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Fires in the Bathroom: Advice for Teachers from High School Students Paperback – April 1, 2005

ISBN-13: 978-1565849969 ISBN-10: 1565849965

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Product Details

  • Paperback: 224 pages
  • Publisher: The New Press (April 1, 2005)
  • Language: English
  • ISBN-10: 1565849965
  • ISBN-13: 978-1565849969
  • Product Dimensions: 7.8 x 6.2 x 0.6 inches
  • Shipping Weight: 9.6 ounces (View shipping rates and policies)
  • Average Customer Review: 3.8 out of 5 stars  See all reviews (22 customer reviews)
  • Amazon Best Sellers Rank: #150,160 in Books (See Top 100 in Books)

Editorial Reviews

From Publishers Weekly

Teenagers dictating to teachers sounds dubious, but educators will want to take note of the message from this volume: students do want to learn. Cushman, an education journalist working in conjunction with the nonprofit organization What Kids Can Do, extensively interviewed high school students in several urban areas about every aspect of school, producing this compendium of their advice here. At its best, it gives teachers solid insights from students like Vance, 18: "You really affect kids when you just do your job day in and day out, do it well." The book covers a range of subjects, including how to get to know students, how to earn their trust, how to judge their behavior and what to do when things go wrong. However, the students' demands can sometimes seem unrealistic, especially for teachers in overcrowded public schools-for extra tutoring sessions, for the use of primary source material instead of just textbooks-and the author does not aid her student co-authors by keeping their comments relatively short and by presenting them out of context. For struggling teachers, Cushman's self-questionnaires are the reason to buy. Although best for new teachers, this chance to hear the authentic voices of students should not be overlooked by anyone involved in teen education. B&w illus.
Copyright 2003 Reed Business Information, Inc. --This text refers to an out of print or unavailable edition of this title.

Review

"In Fires in the Bathroom. . . students turn the tables on adults, and tell them how to do their jobs."
New York Times

"An important book . . . a powerful critique of American teaching . . . Fires in the Bathroom should find a place in any professional development library. . . The student voices give its advice . . . an authenticity and a sincerity that advice books for teachers often lack . . . A powerful and compelling document . . . A major contribution."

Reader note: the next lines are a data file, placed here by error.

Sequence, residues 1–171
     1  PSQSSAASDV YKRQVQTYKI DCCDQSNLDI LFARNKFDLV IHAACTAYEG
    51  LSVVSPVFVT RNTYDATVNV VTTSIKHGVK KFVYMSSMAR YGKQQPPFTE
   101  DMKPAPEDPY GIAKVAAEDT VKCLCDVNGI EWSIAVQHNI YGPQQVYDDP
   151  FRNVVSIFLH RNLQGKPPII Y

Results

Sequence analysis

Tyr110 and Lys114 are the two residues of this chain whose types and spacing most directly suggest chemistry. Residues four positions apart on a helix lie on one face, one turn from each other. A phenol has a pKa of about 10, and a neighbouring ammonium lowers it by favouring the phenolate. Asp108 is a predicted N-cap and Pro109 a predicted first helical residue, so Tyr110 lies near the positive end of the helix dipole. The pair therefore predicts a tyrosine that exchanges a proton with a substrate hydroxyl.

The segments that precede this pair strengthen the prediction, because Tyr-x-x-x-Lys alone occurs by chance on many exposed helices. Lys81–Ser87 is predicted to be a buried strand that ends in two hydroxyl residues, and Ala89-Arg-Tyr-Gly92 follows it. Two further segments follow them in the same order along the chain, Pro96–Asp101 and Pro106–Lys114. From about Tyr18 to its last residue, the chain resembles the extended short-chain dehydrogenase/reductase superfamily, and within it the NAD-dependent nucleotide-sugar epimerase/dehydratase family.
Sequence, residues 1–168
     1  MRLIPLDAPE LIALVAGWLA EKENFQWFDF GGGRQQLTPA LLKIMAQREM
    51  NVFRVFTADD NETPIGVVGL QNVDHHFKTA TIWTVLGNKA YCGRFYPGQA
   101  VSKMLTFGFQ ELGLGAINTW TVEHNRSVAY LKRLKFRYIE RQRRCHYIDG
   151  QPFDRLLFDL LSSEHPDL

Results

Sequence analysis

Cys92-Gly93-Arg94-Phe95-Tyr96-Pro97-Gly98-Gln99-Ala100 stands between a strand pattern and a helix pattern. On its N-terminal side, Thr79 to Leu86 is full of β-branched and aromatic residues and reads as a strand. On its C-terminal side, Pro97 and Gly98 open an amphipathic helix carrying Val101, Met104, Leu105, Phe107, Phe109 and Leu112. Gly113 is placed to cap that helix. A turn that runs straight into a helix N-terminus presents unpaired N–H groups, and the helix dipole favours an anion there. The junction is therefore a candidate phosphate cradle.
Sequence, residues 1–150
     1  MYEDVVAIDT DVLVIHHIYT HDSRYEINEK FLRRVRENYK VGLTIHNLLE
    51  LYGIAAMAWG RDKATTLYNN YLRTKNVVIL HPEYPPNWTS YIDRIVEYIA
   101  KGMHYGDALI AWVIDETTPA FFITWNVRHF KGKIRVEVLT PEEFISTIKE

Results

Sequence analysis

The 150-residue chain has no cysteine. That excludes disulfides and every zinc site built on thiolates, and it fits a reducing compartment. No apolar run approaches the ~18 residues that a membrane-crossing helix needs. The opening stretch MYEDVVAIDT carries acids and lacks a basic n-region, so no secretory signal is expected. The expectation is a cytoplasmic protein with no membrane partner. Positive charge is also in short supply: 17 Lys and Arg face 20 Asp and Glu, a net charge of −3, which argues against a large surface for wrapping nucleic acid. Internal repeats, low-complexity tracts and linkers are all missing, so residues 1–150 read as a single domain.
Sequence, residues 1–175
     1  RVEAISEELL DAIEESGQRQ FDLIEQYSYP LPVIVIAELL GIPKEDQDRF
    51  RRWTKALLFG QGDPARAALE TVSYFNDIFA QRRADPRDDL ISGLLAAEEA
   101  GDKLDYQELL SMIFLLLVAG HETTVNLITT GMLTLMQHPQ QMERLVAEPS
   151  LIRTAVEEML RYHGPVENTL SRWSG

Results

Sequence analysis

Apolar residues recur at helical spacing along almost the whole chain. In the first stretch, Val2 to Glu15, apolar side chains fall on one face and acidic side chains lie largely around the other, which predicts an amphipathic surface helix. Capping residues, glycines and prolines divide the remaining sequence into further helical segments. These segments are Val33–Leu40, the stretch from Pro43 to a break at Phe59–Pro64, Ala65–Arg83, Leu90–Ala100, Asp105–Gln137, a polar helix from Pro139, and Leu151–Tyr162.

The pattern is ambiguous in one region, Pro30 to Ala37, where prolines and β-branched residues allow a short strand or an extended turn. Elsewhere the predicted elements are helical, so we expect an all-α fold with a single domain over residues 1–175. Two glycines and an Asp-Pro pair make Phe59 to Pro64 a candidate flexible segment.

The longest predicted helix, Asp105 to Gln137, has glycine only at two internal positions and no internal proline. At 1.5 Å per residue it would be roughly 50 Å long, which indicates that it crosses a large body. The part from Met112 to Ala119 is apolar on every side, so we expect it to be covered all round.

Teachers College Record

"Fires in the Bathroom doles out practical advice . . . [in] an unusual . . . effort to tap the opinions of American high school students . . . Students get a rare opportunity to voice their opinions about what works and what doesn’t.”
Los Angeles Times

"This book turns the student-teacher relationship upside down . . . Suggests ways to deepen the unspoken bond between students and teachers.”
Chicago Tribune, Editor’s Choice

"This chance to hear the authentic voice of students . . . should not be overlooked by anyone involved in teen education."
Publishers Weekly

"Thoughtful and articulate . . . offer[s] insights about a range of school-related subjects, including classroom behavior, student motivation, and learning style."
Teacher Magazine

"Fires in the Bathroom is a must for everyone concerned about our children and our schools . . . A wealth of information that can be put to immediate use . . . Treat yourself to this powerful new tool!"
Connections Magazine

More About the Author

Kathleen Cushman: Writer and speaker, raising youth voices

As a journalist and documentarian, I collaborate with diverse youth around the U.S. and abroad, bringing their voices directly to bear on the complex challenges that affect their lives and learning. As a speaker and presenter, I work with educational institutions to connect the direct input of youth with promising practices in secondary schools and colleges.